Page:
A great quote from Warren Buffett goes: "I'm a better investor because I'm a businessman, and I'm a better businessman because I'm a better investor." So let me tell you how to be a better investor by being better at business.
Business knowledge varies among these three kinds of people:
Non-Investors: They expect that someone (such as their parents, their kids, a spouse, a company, or the government) will take care of them when their working days are over.
Passive Investors: They turn their money over to someone or some organization, such as a mutual fund, to manage. It's the passive investor who tends to believe the financial planners' mantra of "work hard, save money, get out of debt, invest for the long term, and diversify."
Active Investors: These people tend to manage their own portfolios and assets, as well as hand-picking their advisors, who are not brokers or sales people. To be a successful active investor requires a higher financial IQ, more real world entrepreneurial business experience, and a very smart advisory team.
For non-investors and passive investors, investing is risky. The main reason is because these two groups of people have no control over the investments they're involved in. While active investors know there's risk, they also realize that the greater the control they have, the less the risk.
Getting a Grip on Business
What do I mean by control? Let me illustrate using the example of driving a car. To be a safe driver, there are six basic controls we all must have:
You wouldn't drive a car if you didn't have any one of the above controls. Yet, when it comes to investing, this is what most people do -- they invest without having any influence over the six basic controls of investing or a business:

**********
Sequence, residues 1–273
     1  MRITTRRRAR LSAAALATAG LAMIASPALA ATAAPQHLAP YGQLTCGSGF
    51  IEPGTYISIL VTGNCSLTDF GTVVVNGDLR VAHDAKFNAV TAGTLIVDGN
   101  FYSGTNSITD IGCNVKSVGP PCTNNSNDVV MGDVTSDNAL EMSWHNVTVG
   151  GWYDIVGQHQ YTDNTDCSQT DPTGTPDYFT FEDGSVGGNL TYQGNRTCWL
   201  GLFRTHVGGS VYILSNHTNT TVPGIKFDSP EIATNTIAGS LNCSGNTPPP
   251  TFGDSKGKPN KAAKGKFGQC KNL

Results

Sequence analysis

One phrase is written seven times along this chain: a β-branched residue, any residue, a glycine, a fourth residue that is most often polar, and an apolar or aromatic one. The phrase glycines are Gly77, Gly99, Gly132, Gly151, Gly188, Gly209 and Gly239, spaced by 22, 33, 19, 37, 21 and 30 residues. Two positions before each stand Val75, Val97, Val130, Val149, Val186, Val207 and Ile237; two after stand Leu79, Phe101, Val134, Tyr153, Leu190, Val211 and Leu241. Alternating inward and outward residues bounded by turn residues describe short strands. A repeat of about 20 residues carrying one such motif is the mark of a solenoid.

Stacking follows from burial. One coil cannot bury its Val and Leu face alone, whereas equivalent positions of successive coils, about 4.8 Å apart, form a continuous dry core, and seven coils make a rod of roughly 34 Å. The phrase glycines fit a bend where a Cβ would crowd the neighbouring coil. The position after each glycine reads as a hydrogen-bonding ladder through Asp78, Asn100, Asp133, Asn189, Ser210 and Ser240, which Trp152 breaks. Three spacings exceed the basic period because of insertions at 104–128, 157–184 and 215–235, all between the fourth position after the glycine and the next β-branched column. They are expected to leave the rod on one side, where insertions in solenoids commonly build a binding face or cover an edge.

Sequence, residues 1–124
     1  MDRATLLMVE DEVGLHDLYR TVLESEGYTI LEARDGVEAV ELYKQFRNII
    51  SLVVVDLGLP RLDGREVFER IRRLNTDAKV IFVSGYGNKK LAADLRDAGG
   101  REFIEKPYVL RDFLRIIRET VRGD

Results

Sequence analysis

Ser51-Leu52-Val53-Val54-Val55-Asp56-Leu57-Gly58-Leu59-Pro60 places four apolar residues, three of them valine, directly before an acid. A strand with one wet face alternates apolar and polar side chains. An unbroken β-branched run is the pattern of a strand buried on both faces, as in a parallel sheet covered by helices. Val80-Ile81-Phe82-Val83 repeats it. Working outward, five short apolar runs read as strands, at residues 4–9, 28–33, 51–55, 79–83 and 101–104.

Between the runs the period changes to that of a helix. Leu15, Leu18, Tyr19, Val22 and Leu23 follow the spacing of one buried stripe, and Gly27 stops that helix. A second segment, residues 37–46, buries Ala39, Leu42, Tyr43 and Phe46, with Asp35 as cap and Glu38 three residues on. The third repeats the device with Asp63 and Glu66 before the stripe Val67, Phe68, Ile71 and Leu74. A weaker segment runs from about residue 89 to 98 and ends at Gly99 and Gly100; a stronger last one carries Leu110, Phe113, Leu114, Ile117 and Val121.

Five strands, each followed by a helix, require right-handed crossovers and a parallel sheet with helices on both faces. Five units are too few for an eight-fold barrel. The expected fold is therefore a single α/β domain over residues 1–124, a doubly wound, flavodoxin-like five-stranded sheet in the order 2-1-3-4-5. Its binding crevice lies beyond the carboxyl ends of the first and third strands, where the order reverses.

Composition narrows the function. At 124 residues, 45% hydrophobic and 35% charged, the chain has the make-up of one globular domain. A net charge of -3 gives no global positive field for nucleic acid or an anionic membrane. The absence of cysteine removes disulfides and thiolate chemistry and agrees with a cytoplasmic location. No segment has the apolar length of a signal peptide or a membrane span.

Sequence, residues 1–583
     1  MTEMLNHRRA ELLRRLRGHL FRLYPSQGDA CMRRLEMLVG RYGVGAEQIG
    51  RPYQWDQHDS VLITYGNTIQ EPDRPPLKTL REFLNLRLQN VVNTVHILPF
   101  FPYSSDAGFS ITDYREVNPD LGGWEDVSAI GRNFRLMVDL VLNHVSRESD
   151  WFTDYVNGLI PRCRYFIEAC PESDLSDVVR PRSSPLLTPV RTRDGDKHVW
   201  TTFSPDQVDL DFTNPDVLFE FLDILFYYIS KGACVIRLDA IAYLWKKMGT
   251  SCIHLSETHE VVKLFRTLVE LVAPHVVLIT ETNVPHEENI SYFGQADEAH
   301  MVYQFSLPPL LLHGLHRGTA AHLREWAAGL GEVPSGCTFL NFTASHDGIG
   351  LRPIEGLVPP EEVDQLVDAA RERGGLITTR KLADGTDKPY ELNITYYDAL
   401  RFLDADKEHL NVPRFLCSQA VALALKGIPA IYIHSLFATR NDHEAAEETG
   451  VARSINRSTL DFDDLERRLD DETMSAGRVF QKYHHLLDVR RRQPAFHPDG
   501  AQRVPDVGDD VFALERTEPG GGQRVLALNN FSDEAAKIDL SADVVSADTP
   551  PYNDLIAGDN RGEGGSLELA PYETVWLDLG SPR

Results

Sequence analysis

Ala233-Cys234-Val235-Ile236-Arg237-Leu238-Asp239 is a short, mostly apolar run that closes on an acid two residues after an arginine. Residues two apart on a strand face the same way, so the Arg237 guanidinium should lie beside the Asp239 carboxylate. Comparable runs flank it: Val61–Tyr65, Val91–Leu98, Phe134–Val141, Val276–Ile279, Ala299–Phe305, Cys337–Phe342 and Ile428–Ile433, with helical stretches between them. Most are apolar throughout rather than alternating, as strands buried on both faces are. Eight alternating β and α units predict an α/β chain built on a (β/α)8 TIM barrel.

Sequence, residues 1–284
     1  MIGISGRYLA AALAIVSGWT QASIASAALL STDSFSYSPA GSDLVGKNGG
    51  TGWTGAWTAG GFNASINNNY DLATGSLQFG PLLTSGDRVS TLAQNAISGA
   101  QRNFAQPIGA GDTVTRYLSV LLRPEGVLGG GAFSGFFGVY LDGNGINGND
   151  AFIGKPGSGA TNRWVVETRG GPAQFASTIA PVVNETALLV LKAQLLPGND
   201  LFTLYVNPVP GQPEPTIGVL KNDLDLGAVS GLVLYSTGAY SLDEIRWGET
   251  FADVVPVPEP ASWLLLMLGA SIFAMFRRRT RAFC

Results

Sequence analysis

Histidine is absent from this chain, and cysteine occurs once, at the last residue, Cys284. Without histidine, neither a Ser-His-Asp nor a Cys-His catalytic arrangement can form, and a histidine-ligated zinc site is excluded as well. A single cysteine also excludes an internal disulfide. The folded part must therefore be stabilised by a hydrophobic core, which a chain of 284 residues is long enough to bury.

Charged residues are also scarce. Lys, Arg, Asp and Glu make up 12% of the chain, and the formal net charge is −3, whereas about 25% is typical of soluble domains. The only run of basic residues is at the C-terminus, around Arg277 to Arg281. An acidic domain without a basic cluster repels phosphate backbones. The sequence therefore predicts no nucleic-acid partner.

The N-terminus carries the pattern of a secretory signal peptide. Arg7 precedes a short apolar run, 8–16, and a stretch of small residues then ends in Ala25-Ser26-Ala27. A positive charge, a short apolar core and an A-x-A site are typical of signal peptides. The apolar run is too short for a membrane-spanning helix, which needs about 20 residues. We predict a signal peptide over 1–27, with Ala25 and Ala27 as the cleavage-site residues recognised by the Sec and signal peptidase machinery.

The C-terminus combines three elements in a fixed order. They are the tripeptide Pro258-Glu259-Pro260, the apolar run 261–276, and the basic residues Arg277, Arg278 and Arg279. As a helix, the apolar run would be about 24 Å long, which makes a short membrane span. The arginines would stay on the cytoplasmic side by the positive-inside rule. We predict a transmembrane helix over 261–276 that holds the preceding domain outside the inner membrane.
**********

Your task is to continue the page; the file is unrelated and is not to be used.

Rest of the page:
The reason Warren Buffett says he's a better investor is because he's a businessman who has control of those six levers of a business. In other words, he can tell how good an investment is by how well management manipulates these basic controls. In most of his investments, Buffett doesn't just buy an equity position, he does his best to buy control of the business.
A good business person wants control over their business. For example, if sales are down and expenses are up, a good business person knows what to do to correct the situation. In my real estate investments, as soon as interest rates began to drop around 2000, our team immediately refinanced our debt (liabilities) on our properties, which reduced expenses, increased income, and boosted the intrinsic asset value of the property.
When I invest in real estate, I have lots of insurance. If a building burns or a tenant falls, I have insurance to cover those risks. A mutual fund has no insurance. That is why $7 trillion to $9 trillion were lost when the market crashed in 2000. Today, in spite of not having any insurance against losses, millions of employees happily deposit their money in their 401(k).
Know What You're Doing
The bad news for most non-investors and passive investors is they pick investments that don't welcome investor control. In fact, most non-investors and passive investors invest in the riskiest of all investments -- savings, stocks, bonds, and mutual funds -- all dangerous picks since investors lack control.
Ask yourself these questions:
Do you have control over the dollar's fluctuation in value?
Can you get Bill Gates to reduce Microsoft's expenses or replace its new marketing team?
Do you have any control over interest rates?
Do you know your mutual-fund manager personally?
While I do have some money in stocks, bonds, and mutual funds, most of my resources are in investments I control.
Even worse, most financial advisors -- be they stock brokers, financial planners, or corporate investment advisors -- don't have any control, either. In other words, asking most financial advisors for investment advice is like a asking a taxi driver who's driving a car without a steering wheel, gas pedal, brakes, or insurance to take you to the airport.
That's why investing is risky for most non-investors and passive investors. As Warren Buffett says, "Risk comes from not knowing what you're doing."